11 Other Ways to Say “Due to Weather Conditions”

Is the weather bad enough to cancel your plans? Well, you might need to highlight that in an email.

“Due to weather conditions” is a great start, but is it the only suitable phrase?

This article will explain some synonyms you can use to replace “due to weather conditions.”

Other Ways to Say “Due to Weather Conditions”

  • The current conditions do not allow
  • Thanks to the weather
  • Because of the weather
  • Due to bad weather
  • Due to unforeseen weather circumstances
  • Unfortunately, the weather has prevented
  • We cannot continue because of the weather
  • Due to inclement weather
  • Due to the poor weather
  • The weather has postponed our plans
  • I’m afraid the weather has gotten in the way


  • “Due to weather conditions” is a great statement to let someone know that poor weather has stopped something.
  • “The current conditions do not allow” is a more direct and professional statement.
  • “Thanks to the weather” is informal, but it works well to highlight poor weather conditions.

Keep reading to learn more about the best phrases to use in different situations. We have covered the best formal and informal phrases to help you with the tone of a message.

Also, the final section covers more about “due to weather conditions.” If you came to learn more about the phrase, you should go to the last part.

The Current Conditions Do Not Allow (Formal)

“The current conditions do not allow” is an excellent sentence opener synonym for “due to weather conditions.” Of course, it’s an incomplete sentence. So, you should add more specifics to the end of it to show what the “current conditions” have prevented.

For example, you might want to use this phrase to announce a business closing due to weather conditions. If you can no longer operate due to the weather, you might email employees, letting them know they have to leave for the day.

It also helps to let customers know that a store cannot open due to the weather. You might want to send out an email or social media post to let customers know they shouldn’t come along as you cannot open for business.

You should use a phrase like this to start a sentence in a professional email or letter. It’s very useful in formal contexts.

“Due to weather conditions” is also useful formally. Feel free to switch between the two when you need to mix up your writing.

Here are some examples showing you different situations it can work:

Dear Howard,

I’m afraid that the current conditions do not allow our business to continue operating today. We must close immediately.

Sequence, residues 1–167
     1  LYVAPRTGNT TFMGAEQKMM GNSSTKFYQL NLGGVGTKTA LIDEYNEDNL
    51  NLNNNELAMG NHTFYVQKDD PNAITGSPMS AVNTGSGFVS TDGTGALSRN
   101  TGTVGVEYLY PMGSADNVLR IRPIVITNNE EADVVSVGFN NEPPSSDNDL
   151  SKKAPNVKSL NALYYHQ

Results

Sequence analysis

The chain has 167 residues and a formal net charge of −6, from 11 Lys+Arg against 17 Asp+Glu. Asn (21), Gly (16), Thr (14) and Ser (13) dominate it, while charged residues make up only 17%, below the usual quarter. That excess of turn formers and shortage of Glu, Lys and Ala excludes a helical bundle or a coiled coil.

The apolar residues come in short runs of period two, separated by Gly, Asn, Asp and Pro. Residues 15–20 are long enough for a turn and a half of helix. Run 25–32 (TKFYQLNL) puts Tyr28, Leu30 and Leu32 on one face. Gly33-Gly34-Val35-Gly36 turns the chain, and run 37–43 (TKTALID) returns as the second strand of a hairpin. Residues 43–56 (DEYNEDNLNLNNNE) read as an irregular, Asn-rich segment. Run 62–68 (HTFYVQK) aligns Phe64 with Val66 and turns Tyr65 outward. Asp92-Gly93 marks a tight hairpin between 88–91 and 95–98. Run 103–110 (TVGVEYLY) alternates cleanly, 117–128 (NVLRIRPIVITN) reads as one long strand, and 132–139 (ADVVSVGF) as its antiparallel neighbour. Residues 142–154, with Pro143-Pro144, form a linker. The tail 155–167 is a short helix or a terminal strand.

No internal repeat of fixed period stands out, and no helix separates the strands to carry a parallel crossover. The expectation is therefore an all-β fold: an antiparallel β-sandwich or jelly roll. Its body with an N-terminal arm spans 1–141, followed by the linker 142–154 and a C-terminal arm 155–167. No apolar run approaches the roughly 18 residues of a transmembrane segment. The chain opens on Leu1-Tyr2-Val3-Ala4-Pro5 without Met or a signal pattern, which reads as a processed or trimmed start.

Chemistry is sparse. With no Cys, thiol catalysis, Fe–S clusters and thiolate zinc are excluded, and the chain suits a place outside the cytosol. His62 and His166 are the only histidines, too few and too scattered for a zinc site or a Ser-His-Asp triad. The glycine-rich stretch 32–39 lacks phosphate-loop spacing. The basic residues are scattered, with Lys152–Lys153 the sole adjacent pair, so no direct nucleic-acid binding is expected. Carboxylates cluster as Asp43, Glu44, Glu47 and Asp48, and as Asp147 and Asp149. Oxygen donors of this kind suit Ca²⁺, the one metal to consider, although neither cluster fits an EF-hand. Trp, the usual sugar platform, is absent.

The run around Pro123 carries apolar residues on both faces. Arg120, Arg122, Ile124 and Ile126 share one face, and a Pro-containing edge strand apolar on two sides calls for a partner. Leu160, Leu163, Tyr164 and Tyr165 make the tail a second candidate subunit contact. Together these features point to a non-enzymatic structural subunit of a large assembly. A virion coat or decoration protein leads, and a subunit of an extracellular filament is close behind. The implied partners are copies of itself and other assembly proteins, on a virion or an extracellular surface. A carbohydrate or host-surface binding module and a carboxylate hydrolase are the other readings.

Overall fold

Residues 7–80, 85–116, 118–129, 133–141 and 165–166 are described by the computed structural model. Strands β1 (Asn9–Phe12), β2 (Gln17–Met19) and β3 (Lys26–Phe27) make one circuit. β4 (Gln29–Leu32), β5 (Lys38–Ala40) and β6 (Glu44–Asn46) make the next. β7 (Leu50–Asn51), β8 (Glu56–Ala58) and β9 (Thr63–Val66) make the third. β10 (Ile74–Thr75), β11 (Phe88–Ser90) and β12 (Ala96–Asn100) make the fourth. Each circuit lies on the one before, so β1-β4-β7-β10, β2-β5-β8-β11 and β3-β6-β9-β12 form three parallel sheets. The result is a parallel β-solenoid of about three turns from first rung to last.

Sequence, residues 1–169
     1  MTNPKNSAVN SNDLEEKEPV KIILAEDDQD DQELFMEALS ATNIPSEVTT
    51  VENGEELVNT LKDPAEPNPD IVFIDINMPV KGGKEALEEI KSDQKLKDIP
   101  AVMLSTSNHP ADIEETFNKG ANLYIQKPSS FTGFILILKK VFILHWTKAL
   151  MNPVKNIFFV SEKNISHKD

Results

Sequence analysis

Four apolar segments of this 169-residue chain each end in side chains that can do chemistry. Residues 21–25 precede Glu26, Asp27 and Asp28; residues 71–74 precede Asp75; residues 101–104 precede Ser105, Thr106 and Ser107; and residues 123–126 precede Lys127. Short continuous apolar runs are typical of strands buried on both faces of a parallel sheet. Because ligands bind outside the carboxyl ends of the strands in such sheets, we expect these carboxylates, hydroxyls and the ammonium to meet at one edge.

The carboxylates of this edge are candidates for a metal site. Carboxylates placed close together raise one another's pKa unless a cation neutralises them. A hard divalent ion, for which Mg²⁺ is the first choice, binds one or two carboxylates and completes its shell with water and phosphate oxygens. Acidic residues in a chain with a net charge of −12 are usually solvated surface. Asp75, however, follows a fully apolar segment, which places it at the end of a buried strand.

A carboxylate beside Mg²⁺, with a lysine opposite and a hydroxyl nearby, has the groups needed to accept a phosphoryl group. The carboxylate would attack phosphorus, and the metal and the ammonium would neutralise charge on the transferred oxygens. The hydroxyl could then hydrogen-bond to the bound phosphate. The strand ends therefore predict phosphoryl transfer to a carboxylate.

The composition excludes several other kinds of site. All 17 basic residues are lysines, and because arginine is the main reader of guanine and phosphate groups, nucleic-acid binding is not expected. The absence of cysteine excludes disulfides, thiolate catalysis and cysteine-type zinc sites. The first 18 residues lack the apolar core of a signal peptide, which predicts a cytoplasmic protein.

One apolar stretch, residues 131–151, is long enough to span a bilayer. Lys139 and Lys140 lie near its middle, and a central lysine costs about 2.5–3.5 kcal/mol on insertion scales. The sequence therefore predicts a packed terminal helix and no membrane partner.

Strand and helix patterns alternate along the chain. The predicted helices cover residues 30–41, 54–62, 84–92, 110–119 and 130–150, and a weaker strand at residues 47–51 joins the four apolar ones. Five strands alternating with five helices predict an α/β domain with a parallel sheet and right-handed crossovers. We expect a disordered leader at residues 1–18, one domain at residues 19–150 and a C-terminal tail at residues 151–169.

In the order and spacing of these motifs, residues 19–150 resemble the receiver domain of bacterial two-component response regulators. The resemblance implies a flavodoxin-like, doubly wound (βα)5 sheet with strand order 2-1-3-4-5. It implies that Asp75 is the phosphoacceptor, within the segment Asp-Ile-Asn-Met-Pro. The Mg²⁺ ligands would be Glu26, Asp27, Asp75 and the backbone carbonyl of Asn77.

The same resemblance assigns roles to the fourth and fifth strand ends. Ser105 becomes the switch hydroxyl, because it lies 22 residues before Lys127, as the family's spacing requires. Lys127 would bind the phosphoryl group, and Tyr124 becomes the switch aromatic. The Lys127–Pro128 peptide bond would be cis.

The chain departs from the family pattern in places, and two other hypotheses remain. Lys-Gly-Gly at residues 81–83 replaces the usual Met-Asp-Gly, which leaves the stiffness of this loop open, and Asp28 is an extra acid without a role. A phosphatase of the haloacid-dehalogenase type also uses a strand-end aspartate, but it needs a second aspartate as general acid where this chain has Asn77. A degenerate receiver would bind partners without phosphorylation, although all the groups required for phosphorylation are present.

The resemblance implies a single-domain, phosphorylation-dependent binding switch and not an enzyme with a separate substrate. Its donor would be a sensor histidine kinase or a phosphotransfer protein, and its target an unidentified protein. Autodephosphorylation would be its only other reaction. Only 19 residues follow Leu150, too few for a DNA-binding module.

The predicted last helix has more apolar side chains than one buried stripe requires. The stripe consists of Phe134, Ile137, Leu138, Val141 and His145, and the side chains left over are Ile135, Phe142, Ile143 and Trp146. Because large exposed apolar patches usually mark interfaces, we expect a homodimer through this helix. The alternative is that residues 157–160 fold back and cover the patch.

Kind regards,

The current conditions do not allow us to open as usual. There are too many people absent from work today. We apologize for the inconvenience caused.

Thanks to the Weather (Informal)

“Thanks to the weather” is a great informal synonym that makes light of the poor weather. You can use “thanks to” as a somewhat sarcastic opener for the phrase.

You might find this phrase useful when telling coworkers that the weather has disrupted your normal working day. For instance, snow might be falling outside, making the roads dangerous for commuters. It might be worth warning your colleagues before they try to leave for work.

You can also use “thanks to the weather” when talking to customers. If you have a friendly relationship with them, you can say this phrase when telling them that you cannot open for business because the weather has messed things up.

“Thanks to the weather” is quite a friendly and funny phrase. It works as an introductory clause to show that you owe your appreciation to the weather, even if you mean it in a jokey or sarcastic way.

Unfortunately, “thanks to the weather” does not work formally. You should stick to “due to weather conditions” when you want to sound more formal.

These examples should help you out:

Thanks to the weather, most of the people I work with have had an accident. I’m one of the only ones who got here safely.

Oh, it’s all thanks to the weather today. I’m really sorry that we can’t open to help you! Please, check with us tomorrow.

Is It Correct to Say “Due to Weather Conditions”?

“Due to weather conditions” is correct. You can use it in formal and informal situations, though it’s more common for people to use it when canceling formal events.

However, “due to weather conditions” is quite general. After all, it doesn’t suggest whether the weather conditions are good or bad. Therefore, “due to weather conditions” could technically apply to good weather changes as well.

Sometimes, it pays to be a bit more specific. That way, you can confirm that bad weather conditions have negatively affected something.

Here are some other variations you can use to mix things up and draw more attention to the “bad” weather:

  • Due to the weather conditions
  • Unfortunately, due to the weather
  • Due to bad weather conditions

You may also want to be a bit more specific. Check out how to do that with the following variations:

  • Due to weather conditions, we are closed
  • Due to weather conditions, the school is closed

Of course, you should bookmark this page to remind yourself of the best synonyms. Having a list handy at all times will encourage you to keep things interesting when you next need to write “due to weather conditions.”